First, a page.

Keeping your product catalog fresh can be an important part of bringing customers back for repeat purchases. Few things are more exciting than bringing new inventory into your catalog.
How will customers react to new products? How can you tell if they are selling well enough?
Short of consulting a crystal ball, it can be a mystery to figure out how much to order without prior sales history. Here are some key points of data to use as a guide for placing your initial order.
Look at other new product launches
Consider what you have done in the past since this is the most readily available data. Have other new products increased sales quickly upon release? Or does it take your customers weeks or months to warm up to a new product? Examine the month-over-month increase for previously launched products, assuming similar launch resources and plans are being invested in this new product.
As an example, previous product launches with sundresses, maxi skirts, and swimsuit coverups saw strong sales in the first six weeks, then a drop-off during the following months.
Applying that to our new styles of beach-ready summer dresses, we can estimate there will be a drop in sales after six weeks.
Look at trends within the same category or brand
Look at products with similar attributes to your new line. This could include category, collection, brand or vendor.
For example, Cora’s Candles show solid sales across all available scents. When considering Gingerbread as a new scent release, we can look at the sales velocity of Christmas Tree and Spiced Cider flavors to approximate the future sales for the Gingerbread candle.
Looking at other scents, we see a pattern of a strong increase in the second and third months after launch. Seeing this pattern in several other launch scents can inform you how the new Gingerbread candle might perform.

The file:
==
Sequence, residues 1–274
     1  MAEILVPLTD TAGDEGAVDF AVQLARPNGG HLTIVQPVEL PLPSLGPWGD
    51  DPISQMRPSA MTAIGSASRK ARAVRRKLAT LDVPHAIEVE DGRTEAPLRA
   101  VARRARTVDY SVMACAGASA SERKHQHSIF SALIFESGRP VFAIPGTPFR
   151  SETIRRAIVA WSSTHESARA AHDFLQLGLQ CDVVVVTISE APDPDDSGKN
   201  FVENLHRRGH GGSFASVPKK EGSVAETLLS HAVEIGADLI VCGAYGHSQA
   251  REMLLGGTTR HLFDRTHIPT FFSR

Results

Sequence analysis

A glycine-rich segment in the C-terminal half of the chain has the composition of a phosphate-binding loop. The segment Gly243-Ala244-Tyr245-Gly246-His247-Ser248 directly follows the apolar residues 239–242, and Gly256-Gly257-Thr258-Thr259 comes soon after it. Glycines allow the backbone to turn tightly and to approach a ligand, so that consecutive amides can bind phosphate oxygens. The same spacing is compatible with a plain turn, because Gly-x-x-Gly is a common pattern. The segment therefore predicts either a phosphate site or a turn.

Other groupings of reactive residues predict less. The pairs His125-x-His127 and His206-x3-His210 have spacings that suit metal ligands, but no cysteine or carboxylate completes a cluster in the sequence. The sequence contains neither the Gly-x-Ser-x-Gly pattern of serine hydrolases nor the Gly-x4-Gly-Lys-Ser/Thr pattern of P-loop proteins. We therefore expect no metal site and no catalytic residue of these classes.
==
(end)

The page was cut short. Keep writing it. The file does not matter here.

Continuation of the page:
History of the option sets
Option sets are different colors, sizes, or flavors of the same item. For example, when you look at t-shirts, you can look at the history of the different sizes (small, medium, large, etc.). The proportions each size sells at will guide your initial order of the new t-shirt. If you sell 25% size small, 50% mediums, and 25% larges, use this distribution when determining sizes of the new style to order.
Merging sales history of similar products
Merging sales history is ideal when you have an old product being phased out and a new product coming in that is very similar. Link the sales history to the new product so that even though you don’t have any sales history, you have a good idea how it is going to sell based on the old one.
An example here is a food item selling in a 2 oz. size and being replaced with a 2.1 oz. size. Merge the sales history so you can see how the 2.1 oz. will perform based on how the 2 oz. size sold. The change in size is not significant enough that we expect a change in the rate of sales.
How to handle seasonal product with a short sales history
Top-down forecasting uses sales trends for categories and forecasts the future sales based on the product contribution to the category.
Seasonal forecasting references what happens 12 months ago. If you look ahead to how a product sells in August 2019, you must look at how it sold in August 2018 and even August 2017. When you have seasonal items with less than 12 months of sales history, consider using top-down forecasting.
If an item has only been for sale this summer, you must use top-down forecasting because we know this category is seasonal. Take sunglasses: They tend to sell better in the summer, not the winter. Use that seasonal trend.
Once you have a little sales history, you know a particular sunglasses style contributes to 2% of the unit sales. Tack that 2% to the seasonal wave. As the category dips in the winter, you are looking at 2% of that lower number will be forecasted to your new seasonal product with only a little sales history.
While at first glance it may appear you have no data for your new product, there are metrics you can use to guide your purchasing decisions. Consider recent product launches, trends in the same category of brand, option set performance, and merging the history of similar products. All these are excellent starting points for forecasting your new product meet customer demand.